T.S. The themes that Clara Scott used in her hymn are found throughout scripture.

  1. We start or journey with Psalm 119:18: Open my eyes, so that I may behold wondrous things out of your law.
    1. There is nothing magical in reading God's word, but it will do nothing if we are not spending time in his word..
    2. God's word will influence our life because we allow it to come within reach of our lives.
    3. Time for a quiz – I know you love my quizzes, they make each of us look at or own lives. I don't want to necessarily know your answers. Those answers are between you and God. And what changes you make after taking the quiz is between you and God. But making the changes that God asks of you, will change your life and how you see your world.
      1. Are you in God's word daily?
      2. Do you have a plan – a chapter a day, ten verses a night, etc.?
      3. Do you take notes – in your Bible, in a journal, or in a separate notebook ?
      4. Do you share some of what you read with at least on other person?

(Ill.) When there is a beautiful sunset, you want to share it with others. If you see something wondrous in the word of God, you will want to share it with others. That's the basis of that last question.

  1. Jesus would often say at the conclusion of a story, “He who has ears, let him hear.“
    1. Closed ears become a metaphor for a lack of understanding:

(Ill.) In the middle of His ministry, Jesus once said, "For this people's heart is waxed gross, and their ears are dull of hearing, and their eyes they have closed; lest at any time they should see with their eyes, and hear with their ears, and should understand with their heart, and should be converted, and I should heal them" (Matthew 13:15).iii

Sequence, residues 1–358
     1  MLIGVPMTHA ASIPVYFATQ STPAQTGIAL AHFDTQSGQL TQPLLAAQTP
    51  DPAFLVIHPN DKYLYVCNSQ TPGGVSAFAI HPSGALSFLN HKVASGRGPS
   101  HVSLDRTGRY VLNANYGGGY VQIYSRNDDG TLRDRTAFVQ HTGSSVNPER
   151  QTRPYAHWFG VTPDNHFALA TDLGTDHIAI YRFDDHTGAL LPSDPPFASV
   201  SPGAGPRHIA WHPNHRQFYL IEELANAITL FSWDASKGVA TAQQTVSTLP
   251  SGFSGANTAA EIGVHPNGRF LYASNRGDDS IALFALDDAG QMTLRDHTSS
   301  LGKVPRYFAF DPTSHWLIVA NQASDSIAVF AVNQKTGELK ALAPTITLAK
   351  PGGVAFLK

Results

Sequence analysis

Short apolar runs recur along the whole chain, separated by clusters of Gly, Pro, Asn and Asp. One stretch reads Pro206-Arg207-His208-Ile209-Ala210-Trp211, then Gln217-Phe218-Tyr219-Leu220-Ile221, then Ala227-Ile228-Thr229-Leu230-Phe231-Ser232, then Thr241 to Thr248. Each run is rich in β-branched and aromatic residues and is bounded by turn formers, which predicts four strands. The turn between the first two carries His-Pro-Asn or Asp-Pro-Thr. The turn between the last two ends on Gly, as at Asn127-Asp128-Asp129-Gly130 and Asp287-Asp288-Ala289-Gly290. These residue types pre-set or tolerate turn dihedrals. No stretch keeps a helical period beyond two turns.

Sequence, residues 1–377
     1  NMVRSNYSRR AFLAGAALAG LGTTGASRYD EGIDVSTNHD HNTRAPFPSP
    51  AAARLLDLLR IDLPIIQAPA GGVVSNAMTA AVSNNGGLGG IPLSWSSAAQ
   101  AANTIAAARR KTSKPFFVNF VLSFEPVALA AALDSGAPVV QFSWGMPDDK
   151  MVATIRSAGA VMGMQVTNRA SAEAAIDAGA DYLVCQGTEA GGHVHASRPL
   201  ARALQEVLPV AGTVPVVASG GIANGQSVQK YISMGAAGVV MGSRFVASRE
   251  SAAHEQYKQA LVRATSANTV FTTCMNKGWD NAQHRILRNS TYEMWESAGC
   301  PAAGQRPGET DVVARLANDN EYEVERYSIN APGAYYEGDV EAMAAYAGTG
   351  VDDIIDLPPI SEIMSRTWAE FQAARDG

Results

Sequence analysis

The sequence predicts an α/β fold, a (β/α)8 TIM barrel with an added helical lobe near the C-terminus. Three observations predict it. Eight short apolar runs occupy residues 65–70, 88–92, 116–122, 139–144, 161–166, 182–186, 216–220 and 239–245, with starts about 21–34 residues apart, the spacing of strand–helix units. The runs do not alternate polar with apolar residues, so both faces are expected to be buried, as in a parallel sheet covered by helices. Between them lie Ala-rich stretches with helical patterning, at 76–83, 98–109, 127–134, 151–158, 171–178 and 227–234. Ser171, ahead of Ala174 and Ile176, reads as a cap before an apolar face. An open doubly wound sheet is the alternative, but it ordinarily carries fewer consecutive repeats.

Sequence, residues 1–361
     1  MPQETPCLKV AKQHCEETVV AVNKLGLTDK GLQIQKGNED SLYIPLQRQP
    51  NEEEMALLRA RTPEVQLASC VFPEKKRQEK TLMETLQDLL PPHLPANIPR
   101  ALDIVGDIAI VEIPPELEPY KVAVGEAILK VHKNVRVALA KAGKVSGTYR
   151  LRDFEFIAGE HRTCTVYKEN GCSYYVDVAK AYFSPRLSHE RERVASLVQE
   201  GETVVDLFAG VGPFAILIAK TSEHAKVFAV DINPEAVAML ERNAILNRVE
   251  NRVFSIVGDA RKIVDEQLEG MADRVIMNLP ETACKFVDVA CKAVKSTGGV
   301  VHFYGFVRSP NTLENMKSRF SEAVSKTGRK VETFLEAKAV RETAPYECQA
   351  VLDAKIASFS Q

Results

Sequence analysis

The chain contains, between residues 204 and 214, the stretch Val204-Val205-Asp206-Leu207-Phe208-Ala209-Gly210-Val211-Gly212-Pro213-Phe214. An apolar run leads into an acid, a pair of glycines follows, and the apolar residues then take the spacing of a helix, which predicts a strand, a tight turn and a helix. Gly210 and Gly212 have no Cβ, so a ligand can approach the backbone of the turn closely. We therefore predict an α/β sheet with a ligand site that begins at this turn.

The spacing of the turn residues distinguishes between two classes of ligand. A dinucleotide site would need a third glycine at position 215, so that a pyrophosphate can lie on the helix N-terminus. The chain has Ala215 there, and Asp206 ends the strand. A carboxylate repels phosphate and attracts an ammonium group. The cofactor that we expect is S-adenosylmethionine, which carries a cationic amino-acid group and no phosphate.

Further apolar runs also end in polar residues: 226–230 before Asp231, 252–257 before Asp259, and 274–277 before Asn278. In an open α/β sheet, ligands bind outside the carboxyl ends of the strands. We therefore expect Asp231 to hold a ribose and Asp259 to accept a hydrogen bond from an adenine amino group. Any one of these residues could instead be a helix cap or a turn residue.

(Ill.) When Jonathan was a four or five years old, he suddenly became hard of hearing. It concerned us as parents and we took him to the doctor. The doctor took out his tool to look at his ears and found something. It seems that he had been stuffing his ears with small pellets of Styrofoam used to fill beanbag chairs.

    1. May we not have our ears so stuffed with the world's input that we stop hearing what God has for us to hear and do.
  1. The Eyes and the Ears receive information – the mouth is different.
    1. While the eyes and the ears are receptive organs, the mouth has the capacity to project.
    2. The mouth may project "cursing and deceit and fraud" (Psalm 10:7),
    3. Or it may be an organ that projects praise, as Psalm 51:15 exhorts us: "O Lord, open thou my lips; and my mouth shall show forth thy praise."iv

(Appl.) My prayer for each of you, today, is that even as your eyes and ears discover what God wants from you, that your mouth will be able to let others know about the faith that has formed you over the years. May we not live a silent faith, but a faith that others can see – and want for themselves.
Conclusion: Our eyes, our ears, and our mouth – these are the three senses that Clara Scott originally wrote about in 1895.

  1. But by 1997 two additional verses were added.
  2. The first is a prayer that my mind would be open to reading of God's love
  3. The second is a prayer that I may be used by God to serve Him.
  4. As we sing today's hymn, I hope that all five of the prayers that have become this hymn are yours:
    today, tomorrow, and for as long as God needs you to serve Him here.